Q: Do you have one favorite book?
A: If I had to choose my favorite food, I might say bananas. But favorite book… that’s tough. Picture books--On the Day You Were Born (I used to read it to my students on their birthdays), Twilight Comes Twice (beautiful imagery), Owl Moon (I wish I were that child going into the woods with Pa)… Favorites for my 4th grade students (I read 13 or 14 read-a-louds to my “kids”)--Baby and Journey, both by Patricia MacLachlan, Maniac Magee, and something I read after I left teaching, the Harry Potter series…and adult stuff--Barbara Kingsolver’s books are among my favs--Animal, Vegetable, Miracle, Pigs in Heaven, et al., Farewell My Subaru and No Impact Man (both wake up calls to what we can do to help the earth told with humor and passion). What’s in my car stereo now is A Discovery of Witches--I can’t wait to drive somewhere that’s farther than 5 minutes away!
Q: What books do you like to write?
A: I Know a Shy Fellow Who Swallowed a Cello was both hard work and a hoot to write, and though fiction allows a lot of latitude, I also love writing non-fiction. I’ve written several books about the environment, about which I’m passionate… Wolves and Their Ways, Endangered Sea Life, Underwater Cities-The Coral Reefs, and The Underwater Life of Rivers.
Q: Got a favorite writing tip?
A: I think what I’d mentioned before, that it’s not the adjectives and adverbs that spice up a piece of writing, it’s specific nouns and strong verbs that create images in your readers mind. That goes for fiction and non-fiction.
Q: Do you have a childhood secret you can share with readers?
A: I guess that might be the time I “ran away from home”… I packed a suitcase and put my pillow and other essentials in a baby carriage so I could push my way to “freedom.” But I got tired pretty quickly, went as far as about 3 blocks (still in my own neighborhood) and went back home. Mom didn’t say too much. I slept on the porch that night just to make a statement, I guess. It was a while before I thought about leaving home again!
Q: Are you working on a new project? Care to share?
A: I’ve been working on a fiction story for “forever” that has gone through many versions. I just worked on it again when I was at the Highlights writers’ retreat. It’s a “quiet” story, and so it’s been hard to find a home with a publisher. The market is soft for those kinds of stories, but I’m committed to seeing it come to light one of these days! I’m also working on a narrative non-fiction book about wolves that I’m passionate about. I worked on that as well at the writers’ retreat. It’s a story that hasn’t been told, as far as I can tell, and it’s compelling.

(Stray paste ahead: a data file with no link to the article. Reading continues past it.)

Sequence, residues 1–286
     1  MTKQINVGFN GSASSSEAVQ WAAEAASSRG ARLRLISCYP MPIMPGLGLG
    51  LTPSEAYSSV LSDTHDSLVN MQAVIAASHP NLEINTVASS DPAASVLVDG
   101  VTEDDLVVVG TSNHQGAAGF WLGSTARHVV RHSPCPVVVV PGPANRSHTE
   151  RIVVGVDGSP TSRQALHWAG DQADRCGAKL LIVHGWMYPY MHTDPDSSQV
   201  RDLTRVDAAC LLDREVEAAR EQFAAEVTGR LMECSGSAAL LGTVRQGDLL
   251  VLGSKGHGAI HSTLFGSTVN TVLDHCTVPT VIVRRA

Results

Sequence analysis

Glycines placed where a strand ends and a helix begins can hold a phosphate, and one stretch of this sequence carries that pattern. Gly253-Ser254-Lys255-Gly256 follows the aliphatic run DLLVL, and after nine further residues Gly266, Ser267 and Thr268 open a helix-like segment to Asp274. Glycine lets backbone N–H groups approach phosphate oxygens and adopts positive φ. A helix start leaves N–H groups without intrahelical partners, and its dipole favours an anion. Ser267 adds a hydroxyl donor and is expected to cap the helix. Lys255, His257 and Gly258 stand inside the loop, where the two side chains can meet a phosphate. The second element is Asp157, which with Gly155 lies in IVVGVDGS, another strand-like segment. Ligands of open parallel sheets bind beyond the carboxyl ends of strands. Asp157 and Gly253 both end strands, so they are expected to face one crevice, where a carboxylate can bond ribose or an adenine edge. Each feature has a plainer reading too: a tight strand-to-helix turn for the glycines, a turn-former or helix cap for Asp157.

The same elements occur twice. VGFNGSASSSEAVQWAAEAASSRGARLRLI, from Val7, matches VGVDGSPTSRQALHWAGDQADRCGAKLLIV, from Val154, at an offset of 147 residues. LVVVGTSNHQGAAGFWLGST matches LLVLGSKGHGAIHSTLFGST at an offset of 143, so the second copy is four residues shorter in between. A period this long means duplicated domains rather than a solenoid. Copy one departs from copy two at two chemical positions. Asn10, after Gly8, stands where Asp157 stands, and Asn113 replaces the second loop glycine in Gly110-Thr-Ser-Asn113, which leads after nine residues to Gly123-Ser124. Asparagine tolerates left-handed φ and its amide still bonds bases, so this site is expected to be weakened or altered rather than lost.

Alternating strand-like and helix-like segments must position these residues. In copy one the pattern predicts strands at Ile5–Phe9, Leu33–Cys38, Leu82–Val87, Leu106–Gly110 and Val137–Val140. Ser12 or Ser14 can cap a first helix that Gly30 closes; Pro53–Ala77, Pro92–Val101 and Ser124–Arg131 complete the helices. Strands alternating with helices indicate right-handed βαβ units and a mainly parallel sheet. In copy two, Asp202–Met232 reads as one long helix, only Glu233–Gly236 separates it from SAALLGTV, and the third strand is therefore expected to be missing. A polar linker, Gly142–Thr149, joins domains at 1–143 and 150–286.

Q: As keeper of BookOrBust, and collector of favorite quotations, please share your yours.
A: “May this or something better be in the process of manifesting for me/us now for the best possible result for all concerned.”
“I ask not that I might hoard the resources of the world, but rather that I may have the wisdom and ability to manifest all that I might need on any given day.”
Q: Please your website address and professional expertise offerings.
A: My website is: www.barbaragarriel.com
In addition to writing, I offer author presentations and writing and staff development workshops for students from pre-K to high school, as well as for adults, including teachers.
I loved teaching and leaving the full-time classroom was a tough choice. But now I get to visit numerous schools and libraries and visit with hundreds of different students on Long Island, in the NY metro area, as well as, out-of-state. I have some tried-and-true programs and also cater to the specific needs of schools when they ask. For instance, this year I did a writer-in-residence with a school for their 3rd grades, assisting them in addressing the Common Core learning standards regarding text and visual features of non-fiction, and then helping them apply what they learned when they created their non-fiction projects at the end of their study of Brazil. It was exhilarating and organic as the week progressed. The kids were great!